TOKYO--It's obvious that Apple's wares are to digital music what Sony's Walkman is to tape, CD, or MiniDisc--and that's got Sony worried.
Although the Tokyo-based electronics giant has been slow to retaliate, we're seeing (and hearing) some action of late: In midyear, Sony released a hard-disk-based player under the Walkman brand in Japan. But the device, and its successor launched in October, failed to make a significant dent in IPod sales. Now Sony is back with version 3, which, for the first time, supports the MP3 file format as well as its own ATRAC3 files. That might draw the attention of customers who've been put off by Sony's "ATRAC3 or nothing" stance.
The new NW-HD3 goes on sale during December in Japan and the UK and is my choice for the coolest product of the month, thanks largely to its new MP3 support. But that's not all: Sony's also marketing a trio of new Aiwa flash-memory players, and new multimedia products are coming from Sharp, Toshiba, and Yamaha, among others.
Sony Hard-Disk Walkman
It's finally here! Sony has released a hard-disk version of its Walkman that supports the MP3 file format.
The NW-HD3 is otherwise no different from Sony's 20GB NW-HD2 Walkman, which was launched only two months ago. Sony has finally added MP3 support after much criticism by reviewers and customers, since MP3 has become the standard for ripped or copied digital music. The pricing is a little strange: Sony will sell the device for $405, which is essentially the same price as the previous version plus the software upgrade fee; but of course this device has the new software installed. It will go on sale in the UK and Japan in December and in the rest of Europe early next year; Sony is considering a launch in other Asian nations and the U.S.
For another take on Sony's new player, read "Sony and MP3, Together at Last."
Aiwa Digital Music Player
The three latest flash memory-based digital music players to be sold under Sony's Aiwa brand offer up to 100 hours of playback on a single AAA alkaline battery.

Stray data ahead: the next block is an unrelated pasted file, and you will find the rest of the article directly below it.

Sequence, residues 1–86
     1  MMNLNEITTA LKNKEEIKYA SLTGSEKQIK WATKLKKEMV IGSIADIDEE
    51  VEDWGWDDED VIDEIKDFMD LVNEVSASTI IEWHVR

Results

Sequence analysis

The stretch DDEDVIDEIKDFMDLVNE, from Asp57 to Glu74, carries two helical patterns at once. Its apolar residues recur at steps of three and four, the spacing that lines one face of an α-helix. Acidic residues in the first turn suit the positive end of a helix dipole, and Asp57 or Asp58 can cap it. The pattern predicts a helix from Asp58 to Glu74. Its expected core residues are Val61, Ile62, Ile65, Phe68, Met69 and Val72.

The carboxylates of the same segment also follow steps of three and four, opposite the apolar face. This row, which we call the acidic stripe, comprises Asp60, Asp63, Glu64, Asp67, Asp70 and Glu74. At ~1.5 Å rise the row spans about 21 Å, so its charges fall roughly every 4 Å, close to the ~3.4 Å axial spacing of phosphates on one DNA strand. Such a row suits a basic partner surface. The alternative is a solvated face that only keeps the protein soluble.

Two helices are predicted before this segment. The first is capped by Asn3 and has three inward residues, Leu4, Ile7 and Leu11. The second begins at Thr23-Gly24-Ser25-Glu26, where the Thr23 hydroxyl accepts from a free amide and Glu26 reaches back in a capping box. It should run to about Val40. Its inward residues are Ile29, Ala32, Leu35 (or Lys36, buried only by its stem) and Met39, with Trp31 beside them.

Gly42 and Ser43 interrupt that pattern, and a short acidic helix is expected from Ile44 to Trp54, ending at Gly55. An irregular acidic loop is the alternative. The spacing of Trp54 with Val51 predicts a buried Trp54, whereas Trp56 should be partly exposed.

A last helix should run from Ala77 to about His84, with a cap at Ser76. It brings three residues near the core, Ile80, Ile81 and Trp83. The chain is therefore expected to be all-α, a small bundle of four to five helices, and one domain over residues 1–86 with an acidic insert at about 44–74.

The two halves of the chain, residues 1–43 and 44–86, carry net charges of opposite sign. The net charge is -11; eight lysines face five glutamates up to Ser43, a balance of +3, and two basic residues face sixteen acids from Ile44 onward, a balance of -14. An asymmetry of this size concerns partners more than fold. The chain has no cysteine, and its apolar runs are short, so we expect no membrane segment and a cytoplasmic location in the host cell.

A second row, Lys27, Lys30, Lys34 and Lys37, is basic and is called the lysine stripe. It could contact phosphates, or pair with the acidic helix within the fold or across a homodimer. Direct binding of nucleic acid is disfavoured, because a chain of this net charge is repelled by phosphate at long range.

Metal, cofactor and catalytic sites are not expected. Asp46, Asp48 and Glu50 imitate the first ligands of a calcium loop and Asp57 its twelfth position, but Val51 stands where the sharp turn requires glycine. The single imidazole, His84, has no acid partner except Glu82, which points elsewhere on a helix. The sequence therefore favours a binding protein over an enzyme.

The devices play MP3s and Sony's ATRAC sound files. The XDM-S710BT can connect to a wireless headset using Bluetooth, and both it and the XDM-S700 have 256MB of storage. A cheaper model, the XDM-S500, has 128MB of memory.
All three models are small enough to slip easily into a shirt pocket: just under an inch in diameter and 3.5 inches long, and weighing 2 ounces with the battery. The players are on sale now in Japan; the low-end XDM-S500 costs about $207 and the high-end XDM-S710BT costs $310. Sony plans to release the players in Europe and Asia in 2005, but has not determined marketing plans for the U.S.
Canon's Network Camera
Keeping a remote eye trained on something has never been easier. Canon's latest network camera packs a 340,000-pixel image pickup with a server and Ethernet adapter to provide an all-in-one solution for remote monitoring.
The VB-C50Fi provides images of up to VGA resolution at between 0.1 and 30 frames per second. Users can log in to see the images from their PCs across the network, and the camera can support up to 50 clients simultaneously. The camera has a 26X optical zoom and 12X digital zoom. The VP-C50Fi is on sale in Japan priced at $1340, and is scheduled for release in the U.S. and Europe in January.
Sharp 3G Cell Phone